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Poetry Guide: Grook

A grook ("gruk" in Danish) is a form of short aphoristic poem. It was invented by the Danish poet and scientist Piet Hein (he wrote over 7,000 of them, published in 20 volumes). Some say that the name is short for "GRin & sUK" ("laugh & sigh" in Danish), but Piet Hein said he felt that the word had come out of thin air. His gruks first started to appear in the daily newspaper "Politiken" shortly after the Nazi Occupation in April 1940 under the signature Kumbel Kumbell. The poems were meant as a spirit-building, yet slightly coded form of passive resistance against Nazi occupation during World War II. The grook are characterized by irony, paradox, brevity, precise use of language, sophisticated rhythms and rhymes and often satiric nature.

Know it all cold?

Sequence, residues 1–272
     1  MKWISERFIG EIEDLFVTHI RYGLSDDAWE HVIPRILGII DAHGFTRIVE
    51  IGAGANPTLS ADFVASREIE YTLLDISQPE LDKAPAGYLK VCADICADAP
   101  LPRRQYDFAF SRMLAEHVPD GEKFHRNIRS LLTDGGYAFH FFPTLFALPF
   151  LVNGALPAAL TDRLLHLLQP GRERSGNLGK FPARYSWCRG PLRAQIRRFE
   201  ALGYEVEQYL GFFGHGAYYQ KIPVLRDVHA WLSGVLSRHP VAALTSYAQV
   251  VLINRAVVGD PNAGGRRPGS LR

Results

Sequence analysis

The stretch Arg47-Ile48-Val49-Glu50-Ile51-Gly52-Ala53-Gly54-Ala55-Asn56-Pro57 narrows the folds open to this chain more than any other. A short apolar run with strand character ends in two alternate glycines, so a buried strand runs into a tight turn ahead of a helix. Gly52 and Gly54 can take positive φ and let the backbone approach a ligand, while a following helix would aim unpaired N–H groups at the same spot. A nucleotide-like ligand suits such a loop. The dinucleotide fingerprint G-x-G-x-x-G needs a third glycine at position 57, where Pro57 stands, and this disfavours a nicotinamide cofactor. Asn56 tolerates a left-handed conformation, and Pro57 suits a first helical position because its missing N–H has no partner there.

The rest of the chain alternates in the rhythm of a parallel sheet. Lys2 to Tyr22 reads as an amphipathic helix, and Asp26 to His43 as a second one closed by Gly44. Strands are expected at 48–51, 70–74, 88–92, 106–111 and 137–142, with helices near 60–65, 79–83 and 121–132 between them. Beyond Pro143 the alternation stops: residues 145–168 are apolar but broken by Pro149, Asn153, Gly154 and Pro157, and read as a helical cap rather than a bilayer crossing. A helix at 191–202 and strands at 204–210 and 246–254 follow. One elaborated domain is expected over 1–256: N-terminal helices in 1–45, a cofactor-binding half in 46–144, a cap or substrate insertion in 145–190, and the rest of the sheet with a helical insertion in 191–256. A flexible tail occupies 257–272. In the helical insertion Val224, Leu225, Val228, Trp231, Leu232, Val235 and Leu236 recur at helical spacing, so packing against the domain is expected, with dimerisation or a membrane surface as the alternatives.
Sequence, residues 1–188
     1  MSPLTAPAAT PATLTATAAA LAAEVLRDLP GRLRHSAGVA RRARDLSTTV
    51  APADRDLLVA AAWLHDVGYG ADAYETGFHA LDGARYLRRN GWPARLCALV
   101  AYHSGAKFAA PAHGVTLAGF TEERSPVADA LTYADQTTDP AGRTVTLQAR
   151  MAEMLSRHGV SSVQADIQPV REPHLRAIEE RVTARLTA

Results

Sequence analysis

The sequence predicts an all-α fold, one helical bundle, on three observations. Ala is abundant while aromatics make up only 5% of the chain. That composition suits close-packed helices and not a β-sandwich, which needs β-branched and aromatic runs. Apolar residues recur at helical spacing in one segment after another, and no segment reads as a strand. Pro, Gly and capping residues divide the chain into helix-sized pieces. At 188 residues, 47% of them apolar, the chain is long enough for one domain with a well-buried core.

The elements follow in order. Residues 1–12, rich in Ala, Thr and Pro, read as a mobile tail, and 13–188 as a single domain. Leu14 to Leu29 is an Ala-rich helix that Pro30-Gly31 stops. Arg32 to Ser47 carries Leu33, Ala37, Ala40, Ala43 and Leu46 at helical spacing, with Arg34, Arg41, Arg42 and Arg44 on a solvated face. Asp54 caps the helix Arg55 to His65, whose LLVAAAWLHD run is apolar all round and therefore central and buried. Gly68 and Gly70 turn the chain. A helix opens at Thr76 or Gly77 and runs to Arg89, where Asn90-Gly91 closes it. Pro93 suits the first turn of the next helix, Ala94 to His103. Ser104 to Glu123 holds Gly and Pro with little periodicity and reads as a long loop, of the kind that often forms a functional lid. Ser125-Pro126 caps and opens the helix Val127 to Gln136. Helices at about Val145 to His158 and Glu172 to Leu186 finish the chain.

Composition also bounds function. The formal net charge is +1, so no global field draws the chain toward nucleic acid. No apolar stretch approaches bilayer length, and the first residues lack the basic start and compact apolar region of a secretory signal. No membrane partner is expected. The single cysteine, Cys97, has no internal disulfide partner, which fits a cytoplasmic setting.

Or lank with acedia?
Share and be bold;
Come build Wikipedia.
— Anon.
There's nothing that goads
Like no-passing roads
With a slowpoke in front
And a hot rod in back —
'Cause you'd never speed
It's just that you need
To get past that grunt 
And away from that devil on crack.
— Anon.
Schadenfreude Grook
Flare spoor, white powdery burns:
Like funerals without the urns.
Mark the passages of lives before eyes
And the uttering of inhuman cries.
Still we're always glad to see'um,
Cause it means we didn't be'em.
— Anon.
Well, it's plain
and simple to express.
Err and err and err again,
but less and less and less.
— Piet Hein.

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